My home, built in 1806, has no fireplaces. I have two small brick chimneys serving as flues only. In my front parlors downstairs are identical mantles on the center wall, and one cast iron stove remains. Upstairs in one bedroom you can see where a flue may have exhausted into the chimney. A 216 year old home without fireplaces? I have been chatting with experts over the years.
At an event at Historic Deerfield I was chatting with an architectural historian. He promised to visit his next time in Walpole. When he entered my front door a few years back he said, “stairway and banister appears to be an 1850 era modernization.” And in May of this year I met the grandson of the founders of Historic Deerfield. He is now retired as former director of Historic Deerfield, and lives across the river. We chatted, and I shared images. He concurred that my mantels and entryway appears mid-19th century. He encouraged me to look for foundry markings on my stove. I did, and with the name information was able to date my remaining stove to c1850.
Below you can see my two front room mantles, what makes no sense in the second floor floorboards (the only “original” that are exposed), and in the last gallery my stove.
What makes most sense to me now (especially since my existing chimneys start at floor level) is that my long central entry hall is “new.” Originally I probably had a shallow entryway like the Benjamin Carpenter home, and others of this era, with a few steps on the left, a right angle turn for the stairs to the second story, or another turn to the second floor as I have oven seen. Then a central fireplace would have backed up to the stairs with on the first floor fireplaces opening to the two front rooms, and one to the rear for the kitchen area. Makes sense. AND, there is a big mound of dirt and stones in the center part of my crawl space, right were footings would have been for such a central chimney. What I need is someone small and not frightened by cobwebs to crawl in and investigate that mound for me. Volunteers?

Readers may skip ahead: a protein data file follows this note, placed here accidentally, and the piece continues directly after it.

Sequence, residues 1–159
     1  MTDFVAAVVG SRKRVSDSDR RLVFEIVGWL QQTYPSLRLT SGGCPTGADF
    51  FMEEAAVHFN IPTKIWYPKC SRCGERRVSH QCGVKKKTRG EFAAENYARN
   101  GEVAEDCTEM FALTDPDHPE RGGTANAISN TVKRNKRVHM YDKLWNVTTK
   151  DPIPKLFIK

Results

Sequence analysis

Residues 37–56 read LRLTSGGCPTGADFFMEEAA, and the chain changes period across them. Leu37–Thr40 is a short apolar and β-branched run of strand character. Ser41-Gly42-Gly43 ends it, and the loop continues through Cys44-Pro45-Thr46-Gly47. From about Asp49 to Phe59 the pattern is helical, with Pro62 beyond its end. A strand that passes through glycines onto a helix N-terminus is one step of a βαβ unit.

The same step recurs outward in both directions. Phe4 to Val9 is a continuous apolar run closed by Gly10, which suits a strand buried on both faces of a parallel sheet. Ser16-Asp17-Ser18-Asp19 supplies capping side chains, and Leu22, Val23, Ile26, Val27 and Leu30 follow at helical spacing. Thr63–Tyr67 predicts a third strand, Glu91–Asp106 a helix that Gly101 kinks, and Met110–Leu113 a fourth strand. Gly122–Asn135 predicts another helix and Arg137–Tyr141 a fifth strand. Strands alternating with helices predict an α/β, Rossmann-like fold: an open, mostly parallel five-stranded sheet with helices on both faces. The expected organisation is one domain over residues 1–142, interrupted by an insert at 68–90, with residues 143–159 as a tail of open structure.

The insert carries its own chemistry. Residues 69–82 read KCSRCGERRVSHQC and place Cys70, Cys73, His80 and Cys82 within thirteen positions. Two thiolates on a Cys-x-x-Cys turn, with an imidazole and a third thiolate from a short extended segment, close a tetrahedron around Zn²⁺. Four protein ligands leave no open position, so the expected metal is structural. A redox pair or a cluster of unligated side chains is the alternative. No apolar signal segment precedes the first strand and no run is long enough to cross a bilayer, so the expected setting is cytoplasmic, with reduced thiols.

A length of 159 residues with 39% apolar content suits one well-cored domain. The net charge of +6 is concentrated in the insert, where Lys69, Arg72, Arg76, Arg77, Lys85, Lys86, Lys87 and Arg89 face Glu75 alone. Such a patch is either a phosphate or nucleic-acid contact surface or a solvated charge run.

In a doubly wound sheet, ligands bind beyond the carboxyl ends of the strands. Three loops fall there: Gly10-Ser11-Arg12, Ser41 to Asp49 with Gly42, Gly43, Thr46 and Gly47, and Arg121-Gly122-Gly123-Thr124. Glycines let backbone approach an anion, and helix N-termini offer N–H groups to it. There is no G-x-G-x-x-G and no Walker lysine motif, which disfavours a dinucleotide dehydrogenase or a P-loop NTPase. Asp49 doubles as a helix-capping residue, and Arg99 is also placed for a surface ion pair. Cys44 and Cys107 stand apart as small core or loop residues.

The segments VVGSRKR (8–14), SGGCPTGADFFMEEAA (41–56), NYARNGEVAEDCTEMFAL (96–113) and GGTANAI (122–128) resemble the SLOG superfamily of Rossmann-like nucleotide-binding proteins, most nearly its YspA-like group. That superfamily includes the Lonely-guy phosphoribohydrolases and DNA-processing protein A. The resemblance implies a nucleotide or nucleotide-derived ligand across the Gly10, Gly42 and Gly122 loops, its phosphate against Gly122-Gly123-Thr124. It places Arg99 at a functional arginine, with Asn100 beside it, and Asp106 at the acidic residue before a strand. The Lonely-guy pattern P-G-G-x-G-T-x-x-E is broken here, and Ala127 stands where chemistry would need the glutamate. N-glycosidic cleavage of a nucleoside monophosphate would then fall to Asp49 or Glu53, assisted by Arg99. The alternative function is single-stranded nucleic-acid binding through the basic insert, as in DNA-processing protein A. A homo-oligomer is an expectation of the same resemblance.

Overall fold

Hope you got this far:
RAY HIGHLY RECOMMENDS:
1 – Explore Guilford, Vermont, and its sixty miles of dirt roads
2 – Learn early Vermont history and how it became a state
3 – Read about Ethan Allen (yes I have about a dozen books about him in one of my reading piles)
ENJOY, luv, RAY
Ray, Well I learned something new from this post! 18th and 19th rural New England cemeteries are often located on hillsides not suitable for farming or grazing. As you say in the post, it makes sense. Clever, those frugal Yankees! And yes your curiosity keeps you young. Mine does me. George
thanks for looking George. Yes, I have seen cemeteries on deserted roads in strange places, and now starting to understand why. One cemetery in town here was started at the top of a small hill, and the expansion came down the steep slope to the original “turnpike.” Yes, makes sense, but still so much more to learn. And, one thing leads to another – I just “love it.” Stay well, RAY
Interesting how seeing one thing makes you question something else (your lack of central fireplace). Ah the joys of learning!
I can’t say for sure that I’ll scrabble through your crawl space but when we do come see you, try to remind me to bring old clothes and if my fear of the creepy doesn’t get the better of me, I’ll give it a shot.
you are hereby reminded — have set up automatic email reminders to you until mission complete. And the quests and curiosities continue. Time to head out to “Camp 44 – night